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Summer Returns During September, Brings Taste of Fall Autumn returned to Oklahoma nearly right on cue during the last week of September thanks to a moisture-laden cold front.… Read More »
Fri, Oct 07, 2011
The University of Oklahoma has been selected by the U.S. Department of the Interior as the site of one of only eight regional climate science centers nationwide, OU President David L. Boren announced today. The Center will link weather and climate projections with on-the-ground decisions about how best to manage federal lands, natural resources and fish and wildlife. Secretary of the Interior Ken Salazar initiated a department-wide climate change strategy in 2009 and today announced the South-Central Regional CSC at Oklahoma along with two others. The Center increases to six the number of federally-funded centers on the Norman campus.
“Selecting the locations for the final three of our eight Climate Science Centers is a major milestone in our efforts to implement our department-wide climate change strategy,” Secretary Salazar said. “The nationwide network of Climate Science Centers will provide the scientific talent and commitment necessary for understanding how climate change and other landscape stressors will change the face of the United States, and how the Department of the Interior, as our nation’s chief steward of natural and cultural resources, can prepare and respond.”
OU will lead a consortium that provides the expertise and strengths of four regional universities, two tribal nations and a national laboratory to address the topics of climate variability and change from the basic science to operational decisions made by land managers. Consortium members are: Texas Tech University, Oklahoma State University, The Chickasaw Nation, The Choctaw Nation of Oklahoma, Louisiana State University and NOAA’s Geophysical Fluid Dynamics Laboratory.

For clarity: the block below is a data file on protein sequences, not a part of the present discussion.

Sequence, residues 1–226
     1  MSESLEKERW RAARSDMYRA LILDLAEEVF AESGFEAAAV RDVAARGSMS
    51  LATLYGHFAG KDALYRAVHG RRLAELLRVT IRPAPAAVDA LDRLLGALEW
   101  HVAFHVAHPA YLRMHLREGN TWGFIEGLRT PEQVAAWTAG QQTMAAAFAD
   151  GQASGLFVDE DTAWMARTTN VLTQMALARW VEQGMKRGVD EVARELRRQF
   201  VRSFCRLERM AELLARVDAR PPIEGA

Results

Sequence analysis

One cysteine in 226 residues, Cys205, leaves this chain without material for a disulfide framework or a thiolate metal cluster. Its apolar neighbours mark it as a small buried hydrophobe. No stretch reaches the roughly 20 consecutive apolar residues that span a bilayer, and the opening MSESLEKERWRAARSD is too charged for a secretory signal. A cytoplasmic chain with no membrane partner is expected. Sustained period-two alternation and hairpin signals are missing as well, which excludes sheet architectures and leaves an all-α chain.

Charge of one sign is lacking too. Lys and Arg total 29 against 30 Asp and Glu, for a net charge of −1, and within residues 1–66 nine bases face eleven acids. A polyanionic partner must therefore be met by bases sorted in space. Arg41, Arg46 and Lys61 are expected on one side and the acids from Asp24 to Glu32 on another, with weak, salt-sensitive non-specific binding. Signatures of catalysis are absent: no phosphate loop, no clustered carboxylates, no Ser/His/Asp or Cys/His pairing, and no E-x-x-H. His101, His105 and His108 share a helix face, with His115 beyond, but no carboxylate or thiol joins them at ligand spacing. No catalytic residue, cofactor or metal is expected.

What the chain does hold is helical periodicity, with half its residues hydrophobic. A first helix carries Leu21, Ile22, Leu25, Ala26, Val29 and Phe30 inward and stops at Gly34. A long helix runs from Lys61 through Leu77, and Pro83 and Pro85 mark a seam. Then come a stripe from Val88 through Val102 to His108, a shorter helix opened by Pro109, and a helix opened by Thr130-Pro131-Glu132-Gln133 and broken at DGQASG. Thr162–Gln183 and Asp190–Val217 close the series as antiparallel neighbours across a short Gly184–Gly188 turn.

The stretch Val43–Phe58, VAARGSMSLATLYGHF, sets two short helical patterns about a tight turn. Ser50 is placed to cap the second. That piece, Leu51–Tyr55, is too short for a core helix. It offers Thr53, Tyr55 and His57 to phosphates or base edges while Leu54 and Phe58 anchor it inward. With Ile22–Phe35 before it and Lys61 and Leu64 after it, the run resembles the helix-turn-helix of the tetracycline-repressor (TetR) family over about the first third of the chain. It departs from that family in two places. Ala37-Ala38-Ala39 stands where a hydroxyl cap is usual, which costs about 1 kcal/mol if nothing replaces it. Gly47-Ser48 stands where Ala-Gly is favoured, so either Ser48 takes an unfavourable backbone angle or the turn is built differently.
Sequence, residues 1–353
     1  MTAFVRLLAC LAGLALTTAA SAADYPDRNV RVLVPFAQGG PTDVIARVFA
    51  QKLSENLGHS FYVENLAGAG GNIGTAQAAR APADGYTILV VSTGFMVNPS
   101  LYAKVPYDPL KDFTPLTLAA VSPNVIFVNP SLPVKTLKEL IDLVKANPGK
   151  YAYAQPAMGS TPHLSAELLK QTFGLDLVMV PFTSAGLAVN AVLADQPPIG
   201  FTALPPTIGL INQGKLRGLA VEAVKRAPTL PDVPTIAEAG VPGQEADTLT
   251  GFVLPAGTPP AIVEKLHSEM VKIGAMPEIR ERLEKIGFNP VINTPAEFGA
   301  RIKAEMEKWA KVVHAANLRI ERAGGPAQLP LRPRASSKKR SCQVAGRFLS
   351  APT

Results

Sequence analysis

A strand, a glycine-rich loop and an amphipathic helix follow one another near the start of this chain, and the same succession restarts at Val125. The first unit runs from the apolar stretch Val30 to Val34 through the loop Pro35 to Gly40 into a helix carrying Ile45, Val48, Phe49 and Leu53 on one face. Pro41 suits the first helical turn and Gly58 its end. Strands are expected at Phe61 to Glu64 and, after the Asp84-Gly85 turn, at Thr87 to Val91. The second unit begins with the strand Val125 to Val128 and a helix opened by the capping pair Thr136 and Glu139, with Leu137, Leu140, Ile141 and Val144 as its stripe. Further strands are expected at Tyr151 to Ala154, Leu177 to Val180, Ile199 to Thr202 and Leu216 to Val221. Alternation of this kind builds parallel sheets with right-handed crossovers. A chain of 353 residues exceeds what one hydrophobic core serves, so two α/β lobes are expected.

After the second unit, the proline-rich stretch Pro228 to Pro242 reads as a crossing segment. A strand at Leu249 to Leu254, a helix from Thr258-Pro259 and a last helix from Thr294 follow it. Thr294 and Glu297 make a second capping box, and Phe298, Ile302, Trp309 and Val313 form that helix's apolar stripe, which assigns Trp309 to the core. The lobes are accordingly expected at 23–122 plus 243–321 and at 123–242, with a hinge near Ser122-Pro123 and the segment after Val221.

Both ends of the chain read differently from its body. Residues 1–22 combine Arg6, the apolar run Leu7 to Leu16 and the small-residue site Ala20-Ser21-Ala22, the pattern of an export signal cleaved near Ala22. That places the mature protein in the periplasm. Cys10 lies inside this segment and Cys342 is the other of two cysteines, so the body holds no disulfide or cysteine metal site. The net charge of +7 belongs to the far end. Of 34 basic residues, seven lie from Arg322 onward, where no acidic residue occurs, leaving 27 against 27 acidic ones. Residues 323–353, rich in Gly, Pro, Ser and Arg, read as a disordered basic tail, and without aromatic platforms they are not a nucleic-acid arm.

“The Department of Interior’s selection of OU as site of the South-Central Climate Science Center underlines the University’s weather expertise and reaffirms the strength of the consortium team we have assembled to address the region’s distinct challenges, said OU President David L. Boren. “The collaborative nature of this team led by Berrien Moore III, vice president of OU Weather and Climate Programs, is an enormous asset to the Center and to other regional DOI Centers,” Boren said.
Based on DOI’s selection of OU as the host for the Center, 90 to 100 new jobs will be added on the Norman campus over the next three years, plus spin-off jobs in the private sector related to better management practices using enhanced projections of weather and climate extremes and the impacts on businesses.
With the OU Research Campus in Norman as home base for the Center and for USGS employees, the CSC consortium members and a group of 23 affiliates will provide extensive facilities, long-standing association and outstanding science capabilities to natural resource managers. Consortium members and affiliates have broad expertise in the physical, biological, natural and social sciences to address impacts of climate variability and change on land, water, fish and wildlife, ocean, coastal and cultural resources.
Natural resource managers across the south-central United States struggle to ensure that the region’s people have adequate and quality water supplies, opportunities for hunting and other recreational activities and protection of fish and wildlife habitats, including scenic beauty for aesthetic, spiritual and cultural needs. The region’s significant climate variability, ranging from flood to drought—sometimes in the same year—creates challenges for managing natural resources. The new Center will provide managers with information, tools and education to enhance their short-term and long-term management strategies.